The Viceregal Lion
  1. The Governor General of Canada
  2. Her Excellency the Right Honourable Julie Payette
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Richard Edward Jones

Frankfurt-am-Main, Germany
Grant of Arms, Flags and Badge
April 15, 2002
Vol. IV, p. 203

Arms of Richard Edward Jones

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Azure on a bend between two lions' faces Or each jessant of a pheon Argent, an eagle displayed Azure between two maple leaves Vert;


Issuant from a circlet of fleurs-de-lis alternating with roses Argent, a demi griffin Azure grasping a mace, its finial an eagle displayed ensigned by a maple leaf Or;





The eagle marks the German background of Mr. Jones’ wife and daughter and the country of their residence when Mr. Jones’ arms were granted. The lion alludes to the birthplace of his wife and daughter in Hesse, as well as the heritage of Mr. Jones’ father in Wales. The pheon (a type of heraldic arrowhead) is a symbol often found in coats of arms of people named Jones; here it has been combined with the lion’s head in a new way, rather like the traditional heraldic idea of “jessant-de-lis”, a lion’s head pierced through by a fleur-de-lis. The green and gold colours of the maple leaves on the bend refer to the provincial arms of Ontario and Quebec. Blue and silver are the colours of the Deutsche Bank, where Mr. Jones worked as a Vice-President when his arms were granted.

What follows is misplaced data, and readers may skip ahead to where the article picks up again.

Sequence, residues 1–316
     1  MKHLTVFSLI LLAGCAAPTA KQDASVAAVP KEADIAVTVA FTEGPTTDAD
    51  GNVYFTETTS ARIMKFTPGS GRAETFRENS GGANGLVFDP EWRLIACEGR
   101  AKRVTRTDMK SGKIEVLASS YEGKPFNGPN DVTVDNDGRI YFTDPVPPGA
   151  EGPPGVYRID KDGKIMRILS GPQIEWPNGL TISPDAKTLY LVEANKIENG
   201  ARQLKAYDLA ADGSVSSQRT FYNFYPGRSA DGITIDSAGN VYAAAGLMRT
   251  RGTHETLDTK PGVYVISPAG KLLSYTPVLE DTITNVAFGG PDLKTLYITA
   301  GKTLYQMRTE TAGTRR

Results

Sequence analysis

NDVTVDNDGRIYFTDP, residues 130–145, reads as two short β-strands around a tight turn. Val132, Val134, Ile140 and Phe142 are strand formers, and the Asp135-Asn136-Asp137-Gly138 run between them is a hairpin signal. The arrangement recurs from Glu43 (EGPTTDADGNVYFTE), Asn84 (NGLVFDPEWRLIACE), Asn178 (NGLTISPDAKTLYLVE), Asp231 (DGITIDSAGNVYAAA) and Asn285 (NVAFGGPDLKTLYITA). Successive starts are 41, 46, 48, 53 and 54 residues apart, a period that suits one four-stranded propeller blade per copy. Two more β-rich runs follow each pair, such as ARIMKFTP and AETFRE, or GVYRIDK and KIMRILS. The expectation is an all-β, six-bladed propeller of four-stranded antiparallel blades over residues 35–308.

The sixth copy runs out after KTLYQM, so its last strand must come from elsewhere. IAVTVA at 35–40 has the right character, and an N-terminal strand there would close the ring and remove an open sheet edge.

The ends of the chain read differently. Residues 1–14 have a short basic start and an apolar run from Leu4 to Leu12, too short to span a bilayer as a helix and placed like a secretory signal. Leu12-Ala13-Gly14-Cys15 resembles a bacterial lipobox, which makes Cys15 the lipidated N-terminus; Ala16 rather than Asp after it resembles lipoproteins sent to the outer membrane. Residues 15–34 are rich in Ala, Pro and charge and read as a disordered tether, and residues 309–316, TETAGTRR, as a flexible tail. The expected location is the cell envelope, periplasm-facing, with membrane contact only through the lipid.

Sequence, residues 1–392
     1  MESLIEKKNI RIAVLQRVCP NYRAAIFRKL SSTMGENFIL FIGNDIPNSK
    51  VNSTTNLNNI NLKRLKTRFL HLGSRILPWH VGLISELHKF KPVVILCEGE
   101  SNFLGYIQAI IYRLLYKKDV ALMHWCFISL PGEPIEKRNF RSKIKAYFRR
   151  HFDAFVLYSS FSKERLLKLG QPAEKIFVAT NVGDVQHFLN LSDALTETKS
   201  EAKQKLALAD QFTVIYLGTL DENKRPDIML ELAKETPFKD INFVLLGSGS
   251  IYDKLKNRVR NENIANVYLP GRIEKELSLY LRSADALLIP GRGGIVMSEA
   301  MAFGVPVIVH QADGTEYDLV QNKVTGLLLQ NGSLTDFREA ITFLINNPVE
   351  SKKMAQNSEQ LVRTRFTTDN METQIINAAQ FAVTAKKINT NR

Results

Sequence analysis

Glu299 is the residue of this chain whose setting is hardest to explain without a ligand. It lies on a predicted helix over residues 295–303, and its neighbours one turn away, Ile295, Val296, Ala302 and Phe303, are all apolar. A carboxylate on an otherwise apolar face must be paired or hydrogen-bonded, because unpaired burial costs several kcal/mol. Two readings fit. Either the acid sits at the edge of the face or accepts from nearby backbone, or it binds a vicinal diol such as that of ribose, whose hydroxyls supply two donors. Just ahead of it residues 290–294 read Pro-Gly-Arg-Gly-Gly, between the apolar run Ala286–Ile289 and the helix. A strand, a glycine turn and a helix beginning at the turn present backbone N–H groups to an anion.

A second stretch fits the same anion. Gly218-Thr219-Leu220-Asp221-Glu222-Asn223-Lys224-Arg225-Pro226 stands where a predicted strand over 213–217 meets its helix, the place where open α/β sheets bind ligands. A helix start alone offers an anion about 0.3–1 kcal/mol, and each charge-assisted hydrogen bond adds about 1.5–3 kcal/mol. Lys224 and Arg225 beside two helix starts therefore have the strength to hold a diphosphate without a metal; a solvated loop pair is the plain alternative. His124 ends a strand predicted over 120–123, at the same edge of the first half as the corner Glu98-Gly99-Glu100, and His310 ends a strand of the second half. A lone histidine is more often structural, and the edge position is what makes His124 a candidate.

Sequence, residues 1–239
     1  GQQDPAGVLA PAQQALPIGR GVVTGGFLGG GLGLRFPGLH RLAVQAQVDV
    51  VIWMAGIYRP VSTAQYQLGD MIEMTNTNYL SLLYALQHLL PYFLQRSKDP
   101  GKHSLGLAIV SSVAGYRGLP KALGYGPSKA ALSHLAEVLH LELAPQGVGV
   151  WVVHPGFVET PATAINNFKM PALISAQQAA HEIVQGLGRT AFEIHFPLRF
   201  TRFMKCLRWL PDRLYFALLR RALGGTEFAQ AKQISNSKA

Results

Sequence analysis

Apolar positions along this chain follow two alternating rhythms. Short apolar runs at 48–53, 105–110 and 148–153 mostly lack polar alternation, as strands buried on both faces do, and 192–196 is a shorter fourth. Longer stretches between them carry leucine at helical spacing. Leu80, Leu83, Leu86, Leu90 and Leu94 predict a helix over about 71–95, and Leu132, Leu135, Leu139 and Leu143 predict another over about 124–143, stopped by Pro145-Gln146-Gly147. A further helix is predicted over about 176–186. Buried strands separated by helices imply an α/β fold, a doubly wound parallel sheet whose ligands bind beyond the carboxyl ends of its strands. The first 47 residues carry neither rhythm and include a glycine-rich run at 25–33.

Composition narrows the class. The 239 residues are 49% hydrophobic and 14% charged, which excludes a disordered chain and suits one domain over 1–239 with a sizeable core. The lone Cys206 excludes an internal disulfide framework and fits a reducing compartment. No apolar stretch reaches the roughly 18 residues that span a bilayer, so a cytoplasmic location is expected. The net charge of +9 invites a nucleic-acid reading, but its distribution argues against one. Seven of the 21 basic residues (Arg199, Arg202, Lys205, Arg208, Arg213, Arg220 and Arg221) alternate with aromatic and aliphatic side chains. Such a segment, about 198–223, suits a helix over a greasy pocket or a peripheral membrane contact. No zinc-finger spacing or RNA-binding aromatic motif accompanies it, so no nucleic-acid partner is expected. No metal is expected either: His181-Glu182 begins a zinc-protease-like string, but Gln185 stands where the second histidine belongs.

In the crest, the griffin represents the joining of the two figures of lion and eagle. The mace is related to the Bruce M. Hicks Foundation, of which Mr. Jones has served as Treasurer and Governor. Mr. Jones grew up in a fully bilingual household, in which the English is honoured by the use of the roses and French by the fleurs-de-lis.


This French phrase means “Know the past; transform the future”. The motto indicates Mr. Jones’ belief in the importance of the study of history and the lessons learned through past experiences, and the use of French pays tribute to Mr. Jones’ mother’s francophone background.